Color, 1967, 107m. / Directed by François Truffaut / Starring Jeanne Moreau, Michel Bouquet / MGM (US R1 NTSC) / WS (1.66:1)

After years of his oft-stated devotion to the films of Alfred Hitchcock, French director François Truffaut finally got around to directing an unabashed homage to the master in 1967 with The Bride Wore Black (La mariée était en noir). This grim ode to thwarted love and revenge reunited Truffaut with his Jules and Jim muse, Jeanne Moreau, who effectively transformed into an avenging angel fueled by the same romantic passions of the filmmaker's other protagonists. After being prevented from hurling herself out of a window, the beautiful but grief-stricken Julie Kohler (Moreau) attends a social gathering where she makes the acquaintance of a debonair middle-aged man... and promptly shoves him off the balcony. We then follow Julie as she gradually insinuates herself into the lives of four other men, including a stint as a babysitter for the married Michael Lonsdale (Moonraker) and the Artemis figure model of romantically inclined artist Jean-Claude Braily. However, as increasingly elaborated flashbacks reveal, Julie's motives are far more complicated than simple homicide. Her beloved husband, the only man in her life since childhood, was shot down on the wedding steps immediately after their wedding, and now she intends to seek revenge against those responsible. The method in which she accomplishes her mission, however, proves that love is indeed a strange and often dangerous force.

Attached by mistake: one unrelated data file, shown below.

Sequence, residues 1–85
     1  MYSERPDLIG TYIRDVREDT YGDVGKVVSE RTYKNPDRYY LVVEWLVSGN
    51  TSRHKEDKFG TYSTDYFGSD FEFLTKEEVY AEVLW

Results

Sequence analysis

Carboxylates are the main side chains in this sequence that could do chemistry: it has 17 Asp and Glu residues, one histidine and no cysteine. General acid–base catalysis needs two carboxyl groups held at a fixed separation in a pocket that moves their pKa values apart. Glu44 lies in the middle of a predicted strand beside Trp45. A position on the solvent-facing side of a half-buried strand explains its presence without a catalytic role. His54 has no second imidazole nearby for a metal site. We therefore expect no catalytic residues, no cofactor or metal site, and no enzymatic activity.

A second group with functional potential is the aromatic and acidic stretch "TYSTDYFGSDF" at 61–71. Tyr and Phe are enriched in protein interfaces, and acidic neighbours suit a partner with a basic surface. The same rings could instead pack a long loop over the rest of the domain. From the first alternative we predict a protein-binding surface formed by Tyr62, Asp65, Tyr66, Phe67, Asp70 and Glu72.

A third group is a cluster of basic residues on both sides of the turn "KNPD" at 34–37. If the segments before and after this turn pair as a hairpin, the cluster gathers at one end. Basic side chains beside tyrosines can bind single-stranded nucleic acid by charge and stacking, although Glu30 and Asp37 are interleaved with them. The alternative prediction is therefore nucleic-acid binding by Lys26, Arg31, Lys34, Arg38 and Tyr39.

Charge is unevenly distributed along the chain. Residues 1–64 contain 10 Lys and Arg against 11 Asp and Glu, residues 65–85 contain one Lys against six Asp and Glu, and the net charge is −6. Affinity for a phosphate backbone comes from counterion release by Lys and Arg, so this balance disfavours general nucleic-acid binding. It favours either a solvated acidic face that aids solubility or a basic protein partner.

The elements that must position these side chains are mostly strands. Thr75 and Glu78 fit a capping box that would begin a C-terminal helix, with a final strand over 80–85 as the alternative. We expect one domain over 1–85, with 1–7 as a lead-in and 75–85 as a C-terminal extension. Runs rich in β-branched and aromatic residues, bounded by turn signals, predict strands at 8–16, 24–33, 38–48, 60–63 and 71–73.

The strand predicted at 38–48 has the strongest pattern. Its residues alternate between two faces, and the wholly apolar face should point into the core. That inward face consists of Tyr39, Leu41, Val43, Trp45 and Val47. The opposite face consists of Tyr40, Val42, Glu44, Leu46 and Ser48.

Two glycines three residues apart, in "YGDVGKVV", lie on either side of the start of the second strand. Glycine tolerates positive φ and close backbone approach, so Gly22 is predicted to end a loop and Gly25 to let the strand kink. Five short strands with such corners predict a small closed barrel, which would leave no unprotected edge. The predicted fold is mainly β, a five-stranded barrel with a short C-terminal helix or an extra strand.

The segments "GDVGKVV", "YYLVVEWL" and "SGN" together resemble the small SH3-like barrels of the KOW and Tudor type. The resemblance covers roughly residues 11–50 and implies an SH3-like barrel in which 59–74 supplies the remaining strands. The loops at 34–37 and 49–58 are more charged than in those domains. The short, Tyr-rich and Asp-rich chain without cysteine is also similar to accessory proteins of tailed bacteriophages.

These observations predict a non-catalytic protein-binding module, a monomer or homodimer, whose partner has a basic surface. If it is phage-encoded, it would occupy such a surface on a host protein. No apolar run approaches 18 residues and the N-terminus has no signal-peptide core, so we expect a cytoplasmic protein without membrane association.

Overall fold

Despite the essentially downbeat subject matter, Truffaut keeps the film light and enjoyable thanks to his usual quirky supporting characters (including his trademark skill with child actors), a deliciously macabre score by the renowned Bernard Herrmann (his second for the director after Fahrenheit 451, though they clashed over this project), and the compelling presence of Moreau, who uses her elegance and marvelously expressive face to compensate for the fact that she's clearly too old for the part. The screenplay by Truffaut and Jean-Louis Richard (Breathless) was derived from a novel by Cornell Woolrich (under the pen name of William Irish), who also provided the original short story used for Rear Window. Truffaut twists the plotline severely to conform to his own cinematic sensibilities, including a completely different resolution. (Note: spoilers ahead!) Woolrich's novel pulls a chilling reversal by revealing that Julie has been tracking down and murdering completely innocent parties, while the bridegroom's death was in fact caused by a different and highly unlikely character omitted from the film. Truffaut's alternative is, in its own way, just as diabolical and in some respects more satisfying, with an ingenious final shot (and sound effect) providing the perfect punctuation. MGM's irresistibly low-priced DVD of The Bride Wore Black is obviously derived from the same master used for their previous widescreen laserdisc edition. Fortunately the original transfer was quite satisfying, and the DVD looks roughly one video generation better in comparison. It also sports the added bonus of removable (and extremely large!) white English subtitles, as well as optional French and Spanish subtitles. Image quality is generally smooth, colourful, and pleasing, with print damage kept to a minimum. The two channel mono audio sounds robust enough, with the combination of Herrmann's score and Vivaldi interludes rendered with all of their musical nuances intact. The DVD also includes the hysterically lurid United Artists theatrical trailer, which makes this look like some kind of sexy spy thriller.